For a while, it seemed like counties were embracing the status of Second Amendment sanctuaries at a breathtaking rate. No matter where we looked, it seemed counties and cities were declaring themselves to be places where the Second Amendment would be respected no matter what the state or federal governments decided to do.
It was pretty damn awesome, really, especially in answer to those who declared themselves sanctuaries for illegal immigrants.
Yet, over time, momentum slowed down. In fairness, many places were a little preoccupied. You might have heard of that whole global pandemic thing? Yeah, that kind of sucked all the air out of the room for a lot of things.
Now, though, things have been settling down more or less and we’re starting to see more sanctuary communities.
The city of Eagle has declared itself a Second Amendment sanctuary city, making it the second Treasure Valley city to do so, after Star passed a similar resolution in July.
The City Council voted unanimously for the measure, igniting a round of applause from residents attending Tuesday’s meeting.
The “sanctuary status” is largely symbolic. In its resolution, Eagle declared that it would opposed the enactment of legislation that would “infringe upon the rights of people to keep and bear arms.”
But Idaho’s Legislature has rarely pushed for measures to increase gun control — and, in fact, in recent years has passed measures that would reduce restrictions. In 2019, for example, the Legislature lowered the age at which one could carry a concealed weapon to 18 from 21.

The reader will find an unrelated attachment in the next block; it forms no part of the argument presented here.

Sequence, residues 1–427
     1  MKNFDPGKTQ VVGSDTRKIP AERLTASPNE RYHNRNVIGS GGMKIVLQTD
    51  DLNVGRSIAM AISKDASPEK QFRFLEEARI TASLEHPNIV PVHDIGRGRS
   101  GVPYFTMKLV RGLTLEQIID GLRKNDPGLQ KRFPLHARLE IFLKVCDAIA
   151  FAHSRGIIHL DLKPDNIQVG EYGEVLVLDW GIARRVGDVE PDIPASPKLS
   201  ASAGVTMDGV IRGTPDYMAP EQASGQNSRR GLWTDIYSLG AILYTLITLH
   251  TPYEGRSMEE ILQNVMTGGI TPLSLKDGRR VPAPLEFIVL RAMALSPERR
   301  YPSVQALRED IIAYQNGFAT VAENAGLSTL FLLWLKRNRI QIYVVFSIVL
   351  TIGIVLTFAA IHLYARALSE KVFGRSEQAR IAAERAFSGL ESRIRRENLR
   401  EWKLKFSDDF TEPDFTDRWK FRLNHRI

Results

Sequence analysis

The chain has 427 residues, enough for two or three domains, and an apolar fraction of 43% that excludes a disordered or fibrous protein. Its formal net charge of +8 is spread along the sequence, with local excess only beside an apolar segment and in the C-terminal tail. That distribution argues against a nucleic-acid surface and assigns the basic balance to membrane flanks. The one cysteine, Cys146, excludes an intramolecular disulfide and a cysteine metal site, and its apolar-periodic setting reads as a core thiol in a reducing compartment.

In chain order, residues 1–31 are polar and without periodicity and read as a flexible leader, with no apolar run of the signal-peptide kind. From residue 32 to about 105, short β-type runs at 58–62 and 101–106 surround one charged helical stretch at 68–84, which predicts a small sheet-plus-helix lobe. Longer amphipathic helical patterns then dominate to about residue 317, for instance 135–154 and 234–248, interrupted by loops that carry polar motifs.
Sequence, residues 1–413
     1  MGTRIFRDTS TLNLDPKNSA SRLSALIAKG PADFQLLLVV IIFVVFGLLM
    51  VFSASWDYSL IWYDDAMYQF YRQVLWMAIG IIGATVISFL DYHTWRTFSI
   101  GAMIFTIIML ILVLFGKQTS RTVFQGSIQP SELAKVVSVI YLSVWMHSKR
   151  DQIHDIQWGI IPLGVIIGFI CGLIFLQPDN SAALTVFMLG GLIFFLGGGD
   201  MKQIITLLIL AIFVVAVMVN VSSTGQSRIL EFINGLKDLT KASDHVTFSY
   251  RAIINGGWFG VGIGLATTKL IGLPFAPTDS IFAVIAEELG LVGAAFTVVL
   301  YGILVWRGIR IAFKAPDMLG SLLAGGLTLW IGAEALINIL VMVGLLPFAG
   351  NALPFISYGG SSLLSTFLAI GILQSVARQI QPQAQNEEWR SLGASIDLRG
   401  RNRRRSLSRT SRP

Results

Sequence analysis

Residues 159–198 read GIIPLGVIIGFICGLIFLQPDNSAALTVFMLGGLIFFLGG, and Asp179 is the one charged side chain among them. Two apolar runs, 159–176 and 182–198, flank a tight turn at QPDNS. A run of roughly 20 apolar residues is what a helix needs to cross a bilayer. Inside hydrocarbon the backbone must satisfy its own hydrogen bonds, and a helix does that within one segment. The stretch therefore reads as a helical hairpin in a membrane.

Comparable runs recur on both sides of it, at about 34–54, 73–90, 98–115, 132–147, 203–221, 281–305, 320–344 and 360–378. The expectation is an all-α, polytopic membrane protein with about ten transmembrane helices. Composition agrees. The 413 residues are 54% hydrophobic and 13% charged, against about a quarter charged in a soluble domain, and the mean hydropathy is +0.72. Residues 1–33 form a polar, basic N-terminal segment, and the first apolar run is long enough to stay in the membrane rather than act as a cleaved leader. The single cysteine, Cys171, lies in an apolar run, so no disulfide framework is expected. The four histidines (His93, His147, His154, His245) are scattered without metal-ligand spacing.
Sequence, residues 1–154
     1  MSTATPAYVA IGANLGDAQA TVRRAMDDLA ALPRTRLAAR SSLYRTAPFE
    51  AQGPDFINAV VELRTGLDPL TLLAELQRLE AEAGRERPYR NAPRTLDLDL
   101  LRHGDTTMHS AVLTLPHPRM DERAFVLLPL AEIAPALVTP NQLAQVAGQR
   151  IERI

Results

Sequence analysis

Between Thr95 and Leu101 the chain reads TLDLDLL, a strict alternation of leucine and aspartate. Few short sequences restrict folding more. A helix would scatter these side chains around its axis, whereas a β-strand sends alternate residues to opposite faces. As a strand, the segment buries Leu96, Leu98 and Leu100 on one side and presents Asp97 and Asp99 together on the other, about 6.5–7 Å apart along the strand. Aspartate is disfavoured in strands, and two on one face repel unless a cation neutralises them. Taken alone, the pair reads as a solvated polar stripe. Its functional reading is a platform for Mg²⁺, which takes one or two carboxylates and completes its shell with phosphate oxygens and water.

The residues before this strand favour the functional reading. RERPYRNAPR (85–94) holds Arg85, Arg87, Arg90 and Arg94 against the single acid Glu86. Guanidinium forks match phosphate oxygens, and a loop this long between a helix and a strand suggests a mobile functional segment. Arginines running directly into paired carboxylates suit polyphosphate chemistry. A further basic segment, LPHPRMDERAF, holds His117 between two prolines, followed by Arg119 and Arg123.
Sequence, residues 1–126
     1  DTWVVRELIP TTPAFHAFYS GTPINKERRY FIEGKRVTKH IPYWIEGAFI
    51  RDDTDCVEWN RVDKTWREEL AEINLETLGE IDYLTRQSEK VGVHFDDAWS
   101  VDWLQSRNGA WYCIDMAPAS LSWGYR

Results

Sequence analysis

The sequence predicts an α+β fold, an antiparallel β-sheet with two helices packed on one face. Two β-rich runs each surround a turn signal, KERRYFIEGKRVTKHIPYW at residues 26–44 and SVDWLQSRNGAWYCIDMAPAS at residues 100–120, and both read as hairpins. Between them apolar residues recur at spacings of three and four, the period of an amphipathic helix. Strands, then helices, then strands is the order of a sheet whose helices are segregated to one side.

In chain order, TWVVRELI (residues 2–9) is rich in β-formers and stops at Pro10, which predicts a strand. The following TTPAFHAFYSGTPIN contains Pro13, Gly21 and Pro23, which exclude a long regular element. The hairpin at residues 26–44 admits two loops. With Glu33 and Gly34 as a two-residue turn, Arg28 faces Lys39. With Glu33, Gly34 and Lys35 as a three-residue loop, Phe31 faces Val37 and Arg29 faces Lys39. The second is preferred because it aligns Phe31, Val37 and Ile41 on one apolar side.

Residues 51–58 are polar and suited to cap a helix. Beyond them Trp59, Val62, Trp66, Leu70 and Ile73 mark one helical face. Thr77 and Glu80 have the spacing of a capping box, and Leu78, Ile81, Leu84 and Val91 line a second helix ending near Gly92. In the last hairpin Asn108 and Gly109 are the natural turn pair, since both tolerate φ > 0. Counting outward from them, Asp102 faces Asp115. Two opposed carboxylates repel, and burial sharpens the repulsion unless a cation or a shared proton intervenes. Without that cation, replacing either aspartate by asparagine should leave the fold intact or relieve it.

That could change, argued Eagle resident Brian Almon. A former Washington resident, he watched with frustration as the state passed legislation that increased gun control.
“The time to make a statement about where we stand is now, not when things have changed and the laws are infringing upon those rights,” he said at Tuesday’s meeting.
The sanctuary city movement gained popularity among liberal cities, which used them to restrict the use of city police officers in enforcing federal immigration laws.
Almon isn’t wrong, either. Washington state used to be a pretty pro-gun place, but that’s gone into the toilet in recent years. It’s only a matter of time before they decide to repeal their “Shall Issue” permitting law, among other things, just to become even more ridiculous.
To assume that Idaho won’t go that way would be ill-advised.
Now, don’t get me wrong. I think it’s pretty unlikely that Idaho will shift blue anytime soon, much less become outright anti-gun. It lacks a city quite like Seattle, for one thing, that can dwarf all the accumulation of sane people in the state.
However, that doesn’t mean it won’t happen anyway, and measures like this provide something of a bulwark against that contingency. Frankly, it’s why every county and city should at least consider such a measure. If they’re voted down, they’re voted down but at least put them up for a vote.
The fact that it will also show who the anti-gunners are in even supposedly non-partisan local races might just be a happy bonus.